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400 km depth in the heart of Europe you can hide a still-active volcano . It is found under the lakes of the German region of Eifel and close to some densely populated areas of Luxembourg, Belgium and the Netherlands. American scientists have come to this disturbing conclusion after reviewing data from thousands of GPS antennas all over the continent to track subtle movements in the earth’s surface . As explained in “Geophysical Journal International”, the new data do not imply an impending eruption -can’t even be sure that this happens in the future-but call enough attention for researchers to remain vigilant.

The German region of Eifel, is located approximately between the cities of Aachen, Trier and Koblenz. It is the home of the “maars” , a few lakes circular fomados by violent volcanic eruptions in the past, such as the one that created Laacher See, the largest lake of the area. It is believed that the explosion that caused it happened about 13,000 years ago and was as strong as the catastrophic eruption of Mount Pinatubo (Philippines) in 1991. The last eruption in the area occurred 11,000 years ago. The “maars” are common in the Eifel, where they were described for the first time, but can also be found in some areas of the united States and in other volcanic regions geologically young people of the world.

GPS Observations of the movement of the soil under the area of Eifel. The colors represent the vertical motion inferred from GPS data, and the arrows are black and white indicate the direction in which the crust is stretched or compressed horizontally, respectively. The upward movement higher of ~ 1 mm per year is near the volcanic field of the Eifel – Corné Kreemer, University of Nevada, RenoUn millimeter per year

The researchers believe that the plume in the mantle, lifting the material more warm mantle, which probably fed this old crater is still present, extending up to 400 km towards the earth’s surface. However, it is unknown if it is still active or not. “Most scientists had assumed that the volcanic activity in the Eifel was a thing of the past -signal Corné Kreemer, lead author of the new study-but connecting the dots, it seems clear that something is brewing underneath the heart of northwest Europe”.

The team from the universities of Nevada, Reno, and California, Los Angeles, used data from thousands of GPS antennas commercial and state throughout western Europe, to determine how the ground moves vertically and horizontally as the earth’s crust is being pushed, stretched and cut.

The investigation revealed that the land surface of the region moves upward and outward over a large area centered in the Eifel, which includes Luxembourg, eastern Belgium and the southernmost province of the Netherlands, Limburg. “The fact that this happens means that you must still have the material warm under the earth’s crust that feeds volcanoes”, explains Kreemer in an email to ABC.

There are some other indicators that the whole system is active: some of the lakes still releasing many gases that scientists associated with the mantle. “Other evidence of ongoing activity was obtained in the last year, when a study found small earthquakes beneath the Laacher See (lake maar largest in the area) and showed that its characteristics could be explained by the transport of fluids (possibly magma) in the lower part of the crust,” he adds. The affected area is large (including parts of Germany, Belgium, France, the Netherlands and all Luxembourg). The elevation reaches a millimeter per year in the Eifel and extends horizontally another millimeter per year.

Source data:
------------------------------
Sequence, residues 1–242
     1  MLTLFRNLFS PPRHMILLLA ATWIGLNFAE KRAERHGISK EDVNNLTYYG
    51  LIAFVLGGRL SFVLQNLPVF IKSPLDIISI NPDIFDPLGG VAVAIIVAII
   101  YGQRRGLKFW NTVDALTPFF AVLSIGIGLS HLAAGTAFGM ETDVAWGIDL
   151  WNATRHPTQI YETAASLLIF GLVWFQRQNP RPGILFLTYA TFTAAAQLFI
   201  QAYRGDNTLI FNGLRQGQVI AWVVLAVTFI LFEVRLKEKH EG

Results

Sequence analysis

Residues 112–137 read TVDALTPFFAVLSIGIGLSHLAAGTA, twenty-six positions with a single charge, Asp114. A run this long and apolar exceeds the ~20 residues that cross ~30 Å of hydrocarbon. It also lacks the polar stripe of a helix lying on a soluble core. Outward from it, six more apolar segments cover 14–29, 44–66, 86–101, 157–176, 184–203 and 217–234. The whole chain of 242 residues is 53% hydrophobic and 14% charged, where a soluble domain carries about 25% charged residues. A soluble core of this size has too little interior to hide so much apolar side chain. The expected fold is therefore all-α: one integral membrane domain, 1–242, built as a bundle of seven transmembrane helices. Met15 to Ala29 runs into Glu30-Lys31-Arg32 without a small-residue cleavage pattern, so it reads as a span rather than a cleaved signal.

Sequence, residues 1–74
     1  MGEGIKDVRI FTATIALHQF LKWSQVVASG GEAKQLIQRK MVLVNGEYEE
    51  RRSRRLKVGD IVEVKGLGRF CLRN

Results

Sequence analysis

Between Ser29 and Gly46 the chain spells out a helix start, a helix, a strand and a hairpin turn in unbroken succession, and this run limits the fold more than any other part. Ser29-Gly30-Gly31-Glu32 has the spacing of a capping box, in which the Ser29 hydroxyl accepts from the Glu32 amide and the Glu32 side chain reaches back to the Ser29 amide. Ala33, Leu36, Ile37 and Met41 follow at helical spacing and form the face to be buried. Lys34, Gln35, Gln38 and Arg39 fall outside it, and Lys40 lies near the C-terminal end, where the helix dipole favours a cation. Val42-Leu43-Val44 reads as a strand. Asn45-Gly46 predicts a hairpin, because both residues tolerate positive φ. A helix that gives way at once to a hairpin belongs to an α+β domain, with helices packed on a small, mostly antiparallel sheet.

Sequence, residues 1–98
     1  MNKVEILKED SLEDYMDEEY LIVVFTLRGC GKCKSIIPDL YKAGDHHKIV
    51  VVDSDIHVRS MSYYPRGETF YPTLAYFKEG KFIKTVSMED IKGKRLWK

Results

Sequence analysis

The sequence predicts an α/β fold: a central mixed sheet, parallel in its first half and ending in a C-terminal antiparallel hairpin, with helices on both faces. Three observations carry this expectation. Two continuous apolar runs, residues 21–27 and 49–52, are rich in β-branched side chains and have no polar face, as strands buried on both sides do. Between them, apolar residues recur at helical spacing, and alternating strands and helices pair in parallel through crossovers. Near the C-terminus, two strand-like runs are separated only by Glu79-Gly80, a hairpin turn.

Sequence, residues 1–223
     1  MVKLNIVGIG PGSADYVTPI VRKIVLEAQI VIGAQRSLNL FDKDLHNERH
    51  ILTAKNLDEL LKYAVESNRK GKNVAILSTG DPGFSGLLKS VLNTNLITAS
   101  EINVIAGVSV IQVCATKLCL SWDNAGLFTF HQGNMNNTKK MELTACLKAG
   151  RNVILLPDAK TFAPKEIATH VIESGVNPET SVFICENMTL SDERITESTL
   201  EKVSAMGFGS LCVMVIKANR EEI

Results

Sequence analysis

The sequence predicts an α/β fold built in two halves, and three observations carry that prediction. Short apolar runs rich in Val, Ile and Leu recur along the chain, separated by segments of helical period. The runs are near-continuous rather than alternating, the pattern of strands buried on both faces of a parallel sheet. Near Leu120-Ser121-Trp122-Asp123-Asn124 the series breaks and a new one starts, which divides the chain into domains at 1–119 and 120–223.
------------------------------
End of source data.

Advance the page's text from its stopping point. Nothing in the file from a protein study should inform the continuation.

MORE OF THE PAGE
there are No imminent risk

in Addition, the new report indicates not only that there may be an increased volcanic risk, but also a seismic risk long-term in this part of Europe. The researchers point out that there is no reason for alarm, but for surveillance. “No one would claim that the volcano is really active, as is thought to see, for example, Mount Etna. And no one thinks that an eruption is imminent. However, it is good to know what would happen if some day they occur”, indicates Kreemer. “The eruption or explosion bigger than we know in the past (the Laacher See of 13,000 years ago produced a 6 cu km of magma and 16 cubic kilometers of ‘tephra’ (ash). The eruption can be compared to that of Mount Pinatubo in the Philippines in 1991, and, for example, was much larger than that of the Mount St. Helens in 1980. The ash eruption of the Laacher See is spread over a large part of Europe,” recalls the researcher.

the Eifel is a region of exceptional, but not the only one in Europe. Something similar occurs in the Massif Central, in the centre south of France, where the last volcanic activity occurred about 7,000 years. Some scientists have also photographed a column of mantle beneath this area. “While our study found that the cortex is stretched there, we did not see a sign of elevation is convincing. Of course that could be due to that a smaller area is bringing more of what we see in the Eifel, at the same time that there are fewer GPS stations, so we just don’t have the resolution to view the upheaval. Further measures are needed to resolve this,” he explains.